I've written earlier advocating the use of high-resolution digital images/ stock photos instead of tired, overused clipart. Sometimes stock images just don't fit the context of your organization or are way too expensive or just are a set of unfamiliar faces that have nothing to do with your company. In such cases its best to use your own high-res digital pictures. That said, I have a few thoughts about how you use these images in your presentation.

I often notice presentations where images are dropped in randomly and make the slide look like the stickered door of your hostel room! I'm using a picture of our Managing Director (Sitaraman) to illustrate how this often happens. If you see the slide above, the image is a stark contrast to its background and the entire visual looks like a bit of a collage of unintegrated information. I like to usually let images blend in with the background as you see in the reworked slide below. Now all that I've done is extracted Sita from the background using the Extract filter. Now if you don't have Photoshop, you can easily a free application like GIMP to achieve the same results. This approach gives you great flexibility.

You can now reuse the same photograph in many different contexts and not have to take separate photographs to achieve the same effect. As you can see below, its now as easy to place Sita at a Train station as it is to place him in a ThoughtWorksOffice environment. Of course this requires a little more work to get into an industrial style publication, but for the purpose of a presentation/ elearning, this is good enough.

Image dropped into an office context.
Image flipped and dropped at a metro station


There are of course times when you can't find a hi-res picture and the image you have just pixelates way too much when you blow it up. In such cases, its difficult to integrate it with the rest of the slide and you need to make it stick out. One of things I like to do is make it look like a scrapbook or as if I push-pinned up the picture to my door or stuck it up with tape on my wall. If you think of the metaphor of putting up real pictures to show people in a group, this is exactly what you'd do, right?

Here are a few examples:




Presentation tools such as PowerPoint and Keynote usually have elements/ styles such as these built in. Alternatively, you can use an online image editing tool like Picnik to creat the right kind of effects for your images. For those of you using Powerpoint, Microsoft online has loads of add on elements such as pushpins, tape, etc to add pop to your images, so really achieving the right kind of effect for your slides isn't impossible. What you can achieve is limited only by how far you wish to go and your own creativity. Just remember the purpose of putting the image in there and remember the slide is one integrated visual - not a set of disjointed elements.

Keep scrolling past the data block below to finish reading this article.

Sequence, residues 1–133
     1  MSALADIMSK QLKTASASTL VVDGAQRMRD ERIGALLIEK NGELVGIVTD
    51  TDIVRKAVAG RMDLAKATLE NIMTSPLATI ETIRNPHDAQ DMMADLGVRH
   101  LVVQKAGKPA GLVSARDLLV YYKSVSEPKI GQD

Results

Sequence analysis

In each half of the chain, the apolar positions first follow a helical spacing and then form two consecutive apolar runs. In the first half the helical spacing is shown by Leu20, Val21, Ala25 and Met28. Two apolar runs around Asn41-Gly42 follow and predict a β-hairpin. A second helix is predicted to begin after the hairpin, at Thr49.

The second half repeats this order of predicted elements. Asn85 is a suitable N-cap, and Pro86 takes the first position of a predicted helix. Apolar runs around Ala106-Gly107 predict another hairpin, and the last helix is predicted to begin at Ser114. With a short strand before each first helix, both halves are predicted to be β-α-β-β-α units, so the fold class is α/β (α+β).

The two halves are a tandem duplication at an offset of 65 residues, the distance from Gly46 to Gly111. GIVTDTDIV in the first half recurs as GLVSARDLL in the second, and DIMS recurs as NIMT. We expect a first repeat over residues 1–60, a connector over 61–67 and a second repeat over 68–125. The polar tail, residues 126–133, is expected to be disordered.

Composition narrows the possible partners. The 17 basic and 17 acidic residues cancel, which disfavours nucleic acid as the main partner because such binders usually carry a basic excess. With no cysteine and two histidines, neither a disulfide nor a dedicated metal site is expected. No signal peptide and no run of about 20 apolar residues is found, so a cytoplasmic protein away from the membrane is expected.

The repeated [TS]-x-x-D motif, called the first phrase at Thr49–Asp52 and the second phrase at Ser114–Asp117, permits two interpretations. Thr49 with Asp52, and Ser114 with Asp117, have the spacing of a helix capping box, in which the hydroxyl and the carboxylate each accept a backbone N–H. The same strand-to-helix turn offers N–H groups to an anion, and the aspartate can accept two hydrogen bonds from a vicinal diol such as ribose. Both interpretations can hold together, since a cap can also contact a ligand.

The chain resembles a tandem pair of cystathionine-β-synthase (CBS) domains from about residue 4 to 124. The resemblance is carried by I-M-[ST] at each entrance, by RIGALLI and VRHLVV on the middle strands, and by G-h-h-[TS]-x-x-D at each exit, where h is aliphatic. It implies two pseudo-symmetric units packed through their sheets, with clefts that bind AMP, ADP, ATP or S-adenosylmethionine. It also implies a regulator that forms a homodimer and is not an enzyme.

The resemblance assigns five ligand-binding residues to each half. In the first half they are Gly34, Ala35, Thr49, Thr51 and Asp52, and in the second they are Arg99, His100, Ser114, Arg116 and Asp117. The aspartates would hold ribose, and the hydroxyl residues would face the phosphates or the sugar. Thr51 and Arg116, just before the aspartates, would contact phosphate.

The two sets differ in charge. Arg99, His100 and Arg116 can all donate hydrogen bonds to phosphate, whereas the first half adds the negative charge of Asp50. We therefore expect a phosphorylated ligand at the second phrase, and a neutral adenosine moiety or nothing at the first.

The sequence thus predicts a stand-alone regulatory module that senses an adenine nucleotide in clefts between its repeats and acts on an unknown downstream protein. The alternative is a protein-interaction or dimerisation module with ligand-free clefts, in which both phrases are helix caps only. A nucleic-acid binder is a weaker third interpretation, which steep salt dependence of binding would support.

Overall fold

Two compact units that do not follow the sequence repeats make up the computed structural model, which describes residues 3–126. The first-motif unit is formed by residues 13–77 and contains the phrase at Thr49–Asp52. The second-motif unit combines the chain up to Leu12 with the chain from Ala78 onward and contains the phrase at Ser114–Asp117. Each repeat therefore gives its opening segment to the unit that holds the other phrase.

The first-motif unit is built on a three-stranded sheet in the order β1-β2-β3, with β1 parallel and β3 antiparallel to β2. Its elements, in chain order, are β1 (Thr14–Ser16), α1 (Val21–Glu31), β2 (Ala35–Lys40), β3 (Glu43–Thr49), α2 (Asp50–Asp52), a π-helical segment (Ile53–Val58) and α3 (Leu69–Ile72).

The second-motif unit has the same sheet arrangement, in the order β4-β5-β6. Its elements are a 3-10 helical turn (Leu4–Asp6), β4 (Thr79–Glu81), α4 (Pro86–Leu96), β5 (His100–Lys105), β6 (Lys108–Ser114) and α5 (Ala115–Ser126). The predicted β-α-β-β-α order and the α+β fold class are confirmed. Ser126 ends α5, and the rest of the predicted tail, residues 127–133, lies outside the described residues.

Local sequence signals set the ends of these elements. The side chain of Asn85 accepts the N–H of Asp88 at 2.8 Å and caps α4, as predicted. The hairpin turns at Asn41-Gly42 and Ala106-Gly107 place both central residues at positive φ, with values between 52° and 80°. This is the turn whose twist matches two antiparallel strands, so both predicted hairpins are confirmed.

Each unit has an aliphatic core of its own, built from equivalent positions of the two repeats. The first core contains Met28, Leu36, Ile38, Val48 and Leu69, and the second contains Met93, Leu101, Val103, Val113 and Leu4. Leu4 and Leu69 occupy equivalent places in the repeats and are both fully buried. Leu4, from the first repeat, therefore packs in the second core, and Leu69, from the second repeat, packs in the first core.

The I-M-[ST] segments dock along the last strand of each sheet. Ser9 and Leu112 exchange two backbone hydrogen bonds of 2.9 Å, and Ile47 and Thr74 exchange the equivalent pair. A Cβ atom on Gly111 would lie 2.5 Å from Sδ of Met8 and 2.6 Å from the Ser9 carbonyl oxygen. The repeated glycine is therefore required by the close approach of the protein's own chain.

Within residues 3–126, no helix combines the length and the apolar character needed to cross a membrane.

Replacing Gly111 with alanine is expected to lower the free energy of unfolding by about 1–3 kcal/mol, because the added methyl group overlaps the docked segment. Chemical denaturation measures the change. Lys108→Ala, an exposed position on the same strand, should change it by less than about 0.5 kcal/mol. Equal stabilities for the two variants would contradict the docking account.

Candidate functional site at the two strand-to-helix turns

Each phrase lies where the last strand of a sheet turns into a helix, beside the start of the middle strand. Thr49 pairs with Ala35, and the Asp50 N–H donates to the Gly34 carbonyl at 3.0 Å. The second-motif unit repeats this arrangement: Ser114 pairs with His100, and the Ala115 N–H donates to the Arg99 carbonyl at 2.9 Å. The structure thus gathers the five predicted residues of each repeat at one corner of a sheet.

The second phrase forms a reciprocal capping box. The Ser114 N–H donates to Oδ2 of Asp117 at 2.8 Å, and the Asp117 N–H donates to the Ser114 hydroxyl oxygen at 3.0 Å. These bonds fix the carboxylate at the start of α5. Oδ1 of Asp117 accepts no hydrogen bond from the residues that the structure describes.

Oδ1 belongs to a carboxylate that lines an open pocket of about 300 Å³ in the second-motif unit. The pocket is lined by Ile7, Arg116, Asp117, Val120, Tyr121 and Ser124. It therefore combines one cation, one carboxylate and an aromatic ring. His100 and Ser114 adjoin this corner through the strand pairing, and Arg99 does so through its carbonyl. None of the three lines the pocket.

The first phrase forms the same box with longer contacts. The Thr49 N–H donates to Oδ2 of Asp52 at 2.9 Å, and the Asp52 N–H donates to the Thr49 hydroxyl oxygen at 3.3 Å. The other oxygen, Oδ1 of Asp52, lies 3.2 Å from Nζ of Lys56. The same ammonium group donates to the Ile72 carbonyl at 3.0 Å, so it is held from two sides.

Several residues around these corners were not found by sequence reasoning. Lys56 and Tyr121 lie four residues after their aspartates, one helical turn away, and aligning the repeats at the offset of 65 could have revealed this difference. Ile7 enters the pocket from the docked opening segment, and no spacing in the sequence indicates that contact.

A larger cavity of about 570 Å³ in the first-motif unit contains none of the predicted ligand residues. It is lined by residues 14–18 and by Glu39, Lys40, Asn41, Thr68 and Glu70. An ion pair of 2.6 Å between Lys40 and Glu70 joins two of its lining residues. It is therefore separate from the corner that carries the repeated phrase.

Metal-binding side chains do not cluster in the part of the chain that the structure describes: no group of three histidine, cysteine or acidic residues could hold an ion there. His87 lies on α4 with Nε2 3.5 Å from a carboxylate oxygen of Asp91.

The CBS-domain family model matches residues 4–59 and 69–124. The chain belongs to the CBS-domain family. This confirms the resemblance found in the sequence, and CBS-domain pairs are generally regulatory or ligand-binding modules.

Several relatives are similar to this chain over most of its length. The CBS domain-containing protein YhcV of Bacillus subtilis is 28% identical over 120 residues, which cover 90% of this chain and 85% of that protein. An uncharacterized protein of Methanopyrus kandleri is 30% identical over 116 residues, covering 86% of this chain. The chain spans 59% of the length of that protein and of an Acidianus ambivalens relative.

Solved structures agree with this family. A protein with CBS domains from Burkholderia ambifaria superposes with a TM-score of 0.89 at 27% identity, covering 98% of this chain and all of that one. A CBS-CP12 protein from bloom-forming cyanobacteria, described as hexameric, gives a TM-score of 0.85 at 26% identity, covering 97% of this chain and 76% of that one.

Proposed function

Monday, April 20, 2009

Join our team @ ThoughtWorks

Being a ThoughtWorker is uber cool. Find out more about us at ThoughtWorker.com.

Here's an opening for an Elearning and Instructional Design Specialist. We're looking for a top notch Instructional designer with the following attributes:
  • About 4 years of experience in designing highly interactive elearning and ILT courseware.
  • Very strong inclination towards technology, expecially open source tools.
  • Very strong grounding in visual design and the ability to work without a specialist graphics designer. This translates into:
    • rudimentary knowledge of graphics/ image editing tools.
    • solid experience with page layouts and understanding color palettes.
    • experience with 3D modelling tools will be a plus.
    • experience with Flash programming will be a plus.
    • experience with virtual worlds will be plus
  • Understanding of teaching frameworks and models such as the Harvard TFU, Blooms Taxonomy, etc
  • Experience in evaluating training on various levels of Kirkpatrick
  • Ability to lead a team through a new elearning initiative.
If interested, please contact me with your resume. Samples of your work or a quick prototype of what you can do with Articulate or equivalent rapid elearning tools will be really fab! Point me to your blog if you write one. Look at the Rapid Elearning Blog ( http://www.articulate.com/rapid-elearning/ ) for ideas on the kind of person we're looking for.

Feel free to recommend people you see fit for this position. This job is based in Bangalore and the salary should not be a problem as long as we find the right candidate. I envision this to be a role that takes strong leadership in determining our learning strategies in coming years.

Saturday, April 18, 2009

Microsoft Illustration Styles for a Consistent look and feel in your document/ presentation